|This was the only pic i could take. It was the only time I didn't feel like I was going to fall on my face.|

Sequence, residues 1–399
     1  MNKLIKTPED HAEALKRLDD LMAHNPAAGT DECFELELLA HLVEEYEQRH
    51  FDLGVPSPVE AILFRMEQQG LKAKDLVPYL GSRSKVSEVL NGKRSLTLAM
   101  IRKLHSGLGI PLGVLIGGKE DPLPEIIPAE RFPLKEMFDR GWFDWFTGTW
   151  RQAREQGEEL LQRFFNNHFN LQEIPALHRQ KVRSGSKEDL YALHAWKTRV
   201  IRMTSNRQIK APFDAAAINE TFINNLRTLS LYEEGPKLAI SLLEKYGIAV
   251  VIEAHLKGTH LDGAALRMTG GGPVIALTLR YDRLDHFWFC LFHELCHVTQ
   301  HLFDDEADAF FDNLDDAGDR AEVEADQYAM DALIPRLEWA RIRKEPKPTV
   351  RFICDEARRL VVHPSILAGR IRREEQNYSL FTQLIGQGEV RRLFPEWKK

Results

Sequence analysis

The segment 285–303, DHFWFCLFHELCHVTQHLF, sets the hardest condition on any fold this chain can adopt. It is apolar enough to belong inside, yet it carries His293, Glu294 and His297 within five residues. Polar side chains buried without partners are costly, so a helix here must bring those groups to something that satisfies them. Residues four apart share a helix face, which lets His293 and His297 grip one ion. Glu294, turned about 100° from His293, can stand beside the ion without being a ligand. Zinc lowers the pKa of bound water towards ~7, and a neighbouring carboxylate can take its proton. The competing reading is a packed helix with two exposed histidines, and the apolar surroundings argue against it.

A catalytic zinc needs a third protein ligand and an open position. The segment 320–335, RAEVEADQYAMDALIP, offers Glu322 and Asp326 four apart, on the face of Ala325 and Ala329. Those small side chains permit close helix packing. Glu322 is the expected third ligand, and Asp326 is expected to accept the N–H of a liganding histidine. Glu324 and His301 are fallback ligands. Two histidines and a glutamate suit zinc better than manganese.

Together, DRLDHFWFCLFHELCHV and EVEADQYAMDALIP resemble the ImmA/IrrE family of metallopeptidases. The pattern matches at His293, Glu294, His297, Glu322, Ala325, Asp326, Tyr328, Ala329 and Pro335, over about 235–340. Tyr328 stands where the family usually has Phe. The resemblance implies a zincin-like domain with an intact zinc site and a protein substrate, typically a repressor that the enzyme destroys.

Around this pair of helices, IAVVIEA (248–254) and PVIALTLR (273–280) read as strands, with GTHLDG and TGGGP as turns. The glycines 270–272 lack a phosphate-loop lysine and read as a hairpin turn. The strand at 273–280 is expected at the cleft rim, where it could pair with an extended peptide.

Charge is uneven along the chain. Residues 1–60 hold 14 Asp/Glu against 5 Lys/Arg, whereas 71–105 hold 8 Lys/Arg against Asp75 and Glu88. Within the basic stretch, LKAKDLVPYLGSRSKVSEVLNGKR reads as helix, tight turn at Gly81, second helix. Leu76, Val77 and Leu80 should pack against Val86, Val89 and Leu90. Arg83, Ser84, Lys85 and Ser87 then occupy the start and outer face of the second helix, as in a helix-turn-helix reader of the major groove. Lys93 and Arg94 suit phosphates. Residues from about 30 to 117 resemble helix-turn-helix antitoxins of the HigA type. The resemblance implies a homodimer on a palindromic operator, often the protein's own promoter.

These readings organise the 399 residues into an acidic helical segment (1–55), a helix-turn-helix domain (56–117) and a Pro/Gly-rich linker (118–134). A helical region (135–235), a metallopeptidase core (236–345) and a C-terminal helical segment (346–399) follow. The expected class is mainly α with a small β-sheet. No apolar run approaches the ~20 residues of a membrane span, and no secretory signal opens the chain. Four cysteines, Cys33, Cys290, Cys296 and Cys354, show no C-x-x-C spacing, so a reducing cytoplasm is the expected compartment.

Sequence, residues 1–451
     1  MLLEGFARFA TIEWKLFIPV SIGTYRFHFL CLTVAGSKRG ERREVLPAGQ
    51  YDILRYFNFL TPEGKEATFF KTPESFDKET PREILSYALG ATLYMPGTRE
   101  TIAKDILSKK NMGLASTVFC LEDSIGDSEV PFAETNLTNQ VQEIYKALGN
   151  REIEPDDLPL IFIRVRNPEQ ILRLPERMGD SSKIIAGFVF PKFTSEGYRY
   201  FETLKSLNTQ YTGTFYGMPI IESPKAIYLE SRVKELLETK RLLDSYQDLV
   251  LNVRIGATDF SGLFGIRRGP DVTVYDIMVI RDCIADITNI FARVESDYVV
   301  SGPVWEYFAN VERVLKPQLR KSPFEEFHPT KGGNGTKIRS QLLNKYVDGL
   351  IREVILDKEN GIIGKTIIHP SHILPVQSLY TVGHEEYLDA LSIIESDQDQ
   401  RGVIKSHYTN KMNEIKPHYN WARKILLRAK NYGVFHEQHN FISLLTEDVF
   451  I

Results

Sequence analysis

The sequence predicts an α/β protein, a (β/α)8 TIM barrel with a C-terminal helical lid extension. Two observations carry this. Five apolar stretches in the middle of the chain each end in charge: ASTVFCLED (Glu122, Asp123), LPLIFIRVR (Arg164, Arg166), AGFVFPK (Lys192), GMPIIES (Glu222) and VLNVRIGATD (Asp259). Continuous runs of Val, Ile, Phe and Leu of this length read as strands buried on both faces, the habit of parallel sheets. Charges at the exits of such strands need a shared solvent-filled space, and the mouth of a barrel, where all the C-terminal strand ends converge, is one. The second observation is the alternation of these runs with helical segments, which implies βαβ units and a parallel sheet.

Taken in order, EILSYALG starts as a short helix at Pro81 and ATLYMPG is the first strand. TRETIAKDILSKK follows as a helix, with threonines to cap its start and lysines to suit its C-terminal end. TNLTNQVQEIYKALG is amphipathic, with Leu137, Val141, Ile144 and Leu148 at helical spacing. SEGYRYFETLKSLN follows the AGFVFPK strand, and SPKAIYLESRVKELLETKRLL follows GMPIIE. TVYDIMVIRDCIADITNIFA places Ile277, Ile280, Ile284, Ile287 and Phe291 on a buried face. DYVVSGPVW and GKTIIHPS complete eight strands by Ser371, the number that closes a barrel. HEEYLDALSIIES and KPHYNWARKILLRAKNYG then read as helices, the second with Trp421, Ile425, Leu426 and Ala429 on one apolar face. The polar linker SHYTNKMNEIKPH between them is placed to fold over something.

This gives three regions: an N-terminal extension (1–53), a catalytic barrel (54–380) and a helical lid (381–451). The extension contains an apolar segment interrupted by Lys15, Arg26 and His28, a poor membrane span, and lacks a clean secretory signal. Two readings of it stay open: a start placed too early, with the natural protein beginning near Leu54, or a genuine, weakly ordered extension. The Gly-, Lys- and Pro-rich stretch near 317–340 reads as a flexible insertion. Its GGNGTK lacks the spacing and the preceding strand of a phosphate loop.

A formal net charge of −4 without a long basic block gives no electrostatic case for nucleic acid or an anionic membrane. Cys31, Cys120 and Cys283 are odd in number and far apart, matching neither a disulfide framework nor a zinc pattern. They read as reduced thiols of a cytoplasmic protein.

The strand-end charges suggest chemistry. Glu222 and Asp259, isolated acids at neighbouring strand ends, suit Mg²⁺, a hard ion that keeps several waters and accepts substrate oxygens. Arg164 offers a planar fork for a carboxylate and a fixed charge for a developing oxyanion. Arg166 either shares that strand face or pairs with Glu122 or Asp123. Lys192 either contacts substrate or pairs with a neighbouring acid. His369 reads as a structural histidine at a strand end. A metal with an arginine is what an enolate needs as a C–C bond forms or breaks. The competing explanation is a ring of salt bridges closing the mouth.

I was lucky that i did know a few people there but the usuals weren't there. Not sure if that was due to the weather or the fact that it was a trail race. The first part was straight up a hill and my legs were not fresh. I had run 9 miles the day before, late in the day and was pretty tired/sore from that. I decided to get mid pack and be happy with just the experience and not worry about the results. They had told us prior to start that there were patches of ice that they had taped off and it was advisable to walk these patches. I would like to say there were maybe 6 or so total of these. Only one was really scary, mainly because it was down a hill. Now I know those who do trail runs are use to this, but I was not. It was a single track trail so passing was not easy. I had gotten behind a lady that I felt like was going a safe speed for me. many people got irritated because they wanted to pass. I tried to move over so they could but sometimes I just couldn't. I felt like even though we were going a bit slow, i liked watching her feet and I liked walking when it got super rocky or slick or muddy. We were told that there was a water station at mile 2.5. It was on the road and we were told that if we got water, we had to drink it there and throw our cup away and not on the trail. Well, the lady ahead of me grabbed a cup and told the people she would run with it. The next section of the trail was straight up and I guess she was running thinking about drinking and not her feet because she fell and hit her head on a rock. I stopped as did several people behind me. There was a person who had been walking a bunch and this person decided to volunteer to take her back to the aid station, which luckily was maybe 2 tenths of a mile. I went on and wow, I had been going way too slow. I had previously been seeing 14s and 15s on my watch and now was seeing regularly low 13s and 12s. I felt so strong, so free. I had a girl behind me who was quite happy sticking behind me and said she made no intentions of passing. I was glad because I had no clue which trail we were suppose to run and the trails sometimes weren't the best marked. Case in point, about a mile away from the finish, the trail forked and there was nothing saying which way we should go. Luckily there were several of us bunched together at that point and we all stopped and debated which way to go. We figured if we all went the same way, at least we would all be wrong. So we picked the right way and all finished strong. It was such a great feeling to get through it and my legs suprisingly felt great. I finished 4 out of 4 in my age group with a time of 1:08. I think I probably could have gone quicker at the beginning but who cares. There is always next year to try and better my time. I do like the change up that trail running gives you. I was alone some and it was peaceful and beautiful (when I could look around and didn't have to concentrate on my feet). I saw the lady that fell cross the finish line as I was leaving and she looked okay so that made me feel better. I am looking at some trail runs maybe this summer and maybe even some longer distances and some night races. I still prefer road races but wouldn't mind a change of pace. The group that does the trail runs in KC is dog friendly so that is a super big bonus in my mind. This trail was way too narrow for people with dogs so I understand their no dog rule for sure.